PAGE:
SEOUL (Reuters) - Greenpeace campaigners climbed a 40-metre billboard advertisement for Hyundai Motor’s near its head office in South Korea to post a sign reading “No more internal combustion engines”, the environmental group said on Monday.
Police said they were investigating the group on suspicion of defacing the advertisement for a sedan next to a busy expressway in the capital, Seoul.
Greenpeace spokesman Sean Lee said the group wanted to send a message to Hyundai Motor that eliminating internal combustion engines was “no longer a matter of choice”.
The sign, visible to travellers making their way home to Seoul on Sunday along the busy expressway after a long holiday weekend, was later taken down.
Hyundai, which together with its affiliate Kia Motors, are the world’s fifth-largest automaker by sales, reported the incident to the police for investigation, a police official said by telephone.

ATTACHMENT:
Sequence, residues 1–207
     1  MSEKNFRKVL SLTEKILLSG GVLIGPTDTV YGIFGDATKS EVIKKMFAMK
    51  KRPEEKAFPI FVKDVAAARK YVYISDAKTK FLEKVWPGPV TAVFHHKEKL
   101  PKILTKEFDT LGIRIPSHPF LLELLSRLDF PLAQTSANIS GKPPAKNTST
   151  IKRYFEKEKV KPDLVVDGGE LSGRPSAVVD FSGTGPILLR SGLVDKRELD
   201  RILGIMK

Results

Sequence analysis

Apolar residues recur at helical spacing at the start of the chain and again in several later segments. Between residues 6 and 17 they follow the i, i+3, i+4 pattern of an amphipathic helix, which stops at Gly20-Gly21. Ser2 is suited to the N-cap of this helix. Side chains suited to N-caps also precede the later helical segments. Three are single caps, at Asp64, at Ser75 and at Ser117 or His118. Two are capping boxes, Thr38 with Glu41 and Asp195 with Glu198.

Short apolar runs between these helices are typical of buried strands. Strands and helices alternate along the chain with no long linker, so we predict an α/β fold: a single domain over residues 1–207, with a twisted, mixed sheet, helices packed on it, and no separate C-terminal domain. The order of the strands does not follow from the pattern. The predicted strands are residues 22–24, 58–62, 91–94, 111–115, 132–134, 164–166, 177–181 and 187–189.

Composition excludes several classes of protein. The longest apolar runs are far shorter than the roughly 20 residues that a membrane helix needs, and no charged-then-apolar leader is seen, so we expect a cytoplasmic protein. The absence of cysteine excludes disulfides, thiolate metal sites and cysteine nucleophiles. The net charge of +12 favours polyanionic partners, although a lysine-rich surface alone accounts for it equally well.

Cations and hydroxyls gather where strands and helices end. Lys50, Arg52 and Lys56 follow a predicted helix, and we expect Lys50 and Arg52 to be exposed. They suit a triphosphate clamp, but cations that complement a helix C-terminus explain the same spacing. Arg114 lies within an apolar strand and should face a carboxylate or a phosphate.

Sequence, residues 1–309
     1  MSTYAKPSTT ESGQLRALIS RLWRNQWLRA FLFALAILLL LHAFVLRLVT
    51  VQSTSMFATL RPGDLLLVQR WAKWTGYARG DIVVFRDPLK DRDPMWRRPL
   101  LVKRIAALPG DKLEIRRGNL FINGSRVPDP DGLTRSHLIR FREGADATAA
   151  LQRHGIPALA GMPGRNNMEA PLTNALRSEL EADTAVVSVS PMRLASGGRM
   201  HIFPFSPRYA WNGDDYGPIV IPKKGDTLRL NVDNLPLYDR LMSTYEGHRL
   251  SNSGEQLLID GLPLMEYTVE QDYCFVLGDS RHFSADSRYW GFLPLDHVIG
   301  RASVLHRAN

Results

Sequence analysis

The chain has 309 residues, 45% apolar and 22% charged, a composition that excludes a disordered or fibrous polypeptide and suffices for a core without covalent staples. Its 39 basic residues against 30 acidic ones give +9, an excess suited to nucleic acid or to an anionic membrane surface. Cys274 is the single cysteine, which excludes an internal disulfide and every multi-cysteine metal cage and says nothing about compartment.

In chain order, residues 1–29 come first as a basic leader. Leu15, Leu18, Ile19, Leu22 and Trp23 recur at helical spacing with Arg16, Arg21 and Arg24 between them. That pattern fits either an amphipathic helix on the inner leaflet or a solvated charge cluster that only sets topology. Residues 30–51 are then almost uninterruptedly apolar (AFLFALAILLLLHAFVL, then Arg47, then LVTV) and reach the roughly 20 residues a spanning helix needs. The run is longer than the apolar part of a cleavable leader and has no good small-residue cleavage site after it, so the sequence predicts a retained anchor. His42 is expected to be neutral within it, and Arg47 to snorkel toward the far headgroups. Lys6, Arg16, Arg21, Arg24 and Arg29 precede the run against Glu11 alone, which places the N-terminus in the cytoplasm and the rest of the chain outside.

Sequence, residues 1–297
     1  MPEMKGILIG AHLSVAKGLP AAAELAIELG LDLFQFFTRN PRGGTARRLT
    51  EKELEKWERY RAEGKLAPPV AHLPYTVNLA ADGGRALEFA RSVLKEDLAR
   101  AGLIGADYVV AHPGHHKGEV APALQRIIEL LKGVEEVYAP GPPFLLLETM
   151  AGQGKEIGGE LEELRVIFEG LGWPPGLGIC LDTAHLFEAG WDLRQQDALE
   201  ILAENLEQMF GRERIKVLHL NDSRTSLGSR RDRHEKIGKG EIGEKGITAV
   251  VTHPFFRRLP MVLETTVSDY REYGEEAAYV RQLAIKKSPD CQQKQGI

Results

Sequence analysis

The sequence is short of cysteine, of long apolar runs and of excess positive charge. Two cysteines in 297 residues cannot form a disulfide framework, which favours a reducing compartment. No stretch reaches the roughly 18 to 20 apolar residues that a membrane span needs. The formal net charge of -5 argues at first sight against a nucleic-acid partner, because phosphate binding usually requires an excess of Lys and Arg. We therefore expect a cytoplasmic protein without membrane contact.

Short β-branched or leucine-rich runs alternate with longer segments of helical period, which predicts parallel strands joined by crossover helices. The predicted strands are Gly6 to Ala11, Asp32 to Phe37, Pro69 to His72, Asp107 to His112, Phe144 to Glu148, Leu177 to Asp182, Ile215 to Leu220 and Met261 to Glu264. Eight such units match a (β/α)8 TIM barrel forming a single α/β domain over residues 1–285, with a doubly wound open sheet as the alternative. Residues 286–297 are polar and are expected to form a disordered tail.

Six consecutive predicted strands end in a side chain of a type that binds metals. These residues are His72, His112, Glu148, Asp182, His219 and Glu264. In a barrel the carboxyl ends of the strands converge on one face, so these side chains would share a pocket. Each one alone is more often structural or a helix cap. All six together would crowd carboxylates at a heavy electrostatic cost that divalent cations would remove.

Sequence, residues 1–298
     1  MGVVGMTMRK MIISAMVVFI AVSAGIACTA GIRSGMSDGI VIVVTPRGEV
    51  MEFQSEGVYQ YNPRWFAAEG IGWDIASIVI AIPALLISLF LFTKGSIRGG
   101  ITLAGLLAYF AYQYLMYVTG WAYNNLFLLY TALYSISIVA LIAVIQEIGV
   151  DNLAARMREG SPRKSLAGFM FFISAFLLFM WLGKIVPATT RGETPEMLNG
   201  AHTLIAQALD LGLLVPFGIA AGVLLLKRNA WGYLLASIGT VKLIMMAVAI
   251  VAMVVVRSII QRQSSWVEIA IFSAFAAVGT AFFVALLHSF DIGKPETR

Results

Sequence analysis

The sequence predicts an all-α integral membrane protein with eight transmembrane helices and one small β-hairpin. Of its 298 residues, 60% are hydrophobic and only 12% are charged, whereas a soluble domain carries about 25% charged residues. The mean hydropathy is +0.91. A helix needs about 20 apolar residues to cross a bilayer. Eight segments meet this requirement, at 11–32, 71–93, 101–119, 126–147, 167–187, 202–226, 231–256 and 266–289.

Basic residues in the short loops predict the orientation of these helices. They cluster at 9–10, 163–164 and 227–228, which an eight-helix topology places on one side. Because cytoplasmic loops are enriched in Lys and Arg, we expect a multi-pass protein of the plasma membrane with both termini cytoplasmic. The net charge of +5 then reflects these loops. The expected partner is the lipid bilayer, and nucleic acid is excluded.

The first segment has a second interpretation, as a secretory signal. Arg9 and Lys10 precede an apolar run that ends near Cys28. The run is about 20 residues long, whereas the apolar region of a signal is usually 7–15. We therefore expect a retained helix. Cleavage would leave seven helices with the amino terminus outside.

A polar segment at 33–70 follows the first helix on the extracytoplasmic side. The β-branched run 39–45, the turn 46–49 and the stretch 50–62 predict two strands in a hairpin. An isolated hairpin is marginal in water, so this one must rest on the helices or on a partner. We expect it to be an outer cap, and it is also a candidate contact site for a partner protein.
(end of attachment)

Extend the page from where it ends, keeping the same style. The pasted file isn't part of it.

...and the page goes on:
Hyundai had no immediate comment.
Climate groups like Greenpeace have been stepping up their action around the world against car makers developing big, heavy cars and vehicles with internal combustion engines.
Police said a person responsible for defacing the billboard could face up to three years in prison or a 7 million won (nearly $6,000) fine for property damage, the police official said.
Lee In-sung, a Greenpeace Seoul office campaigner handling legal affairs, said the group was aware of the possible criminal charges but it would carry on with its non-violent action “perhaps in a different form”.
($1 = 1,183.2000 won)
Reporting by Sangmi Cha; Additional reporting by Hyunjoo Jin; Editing by Jack Kim, Robert Birsel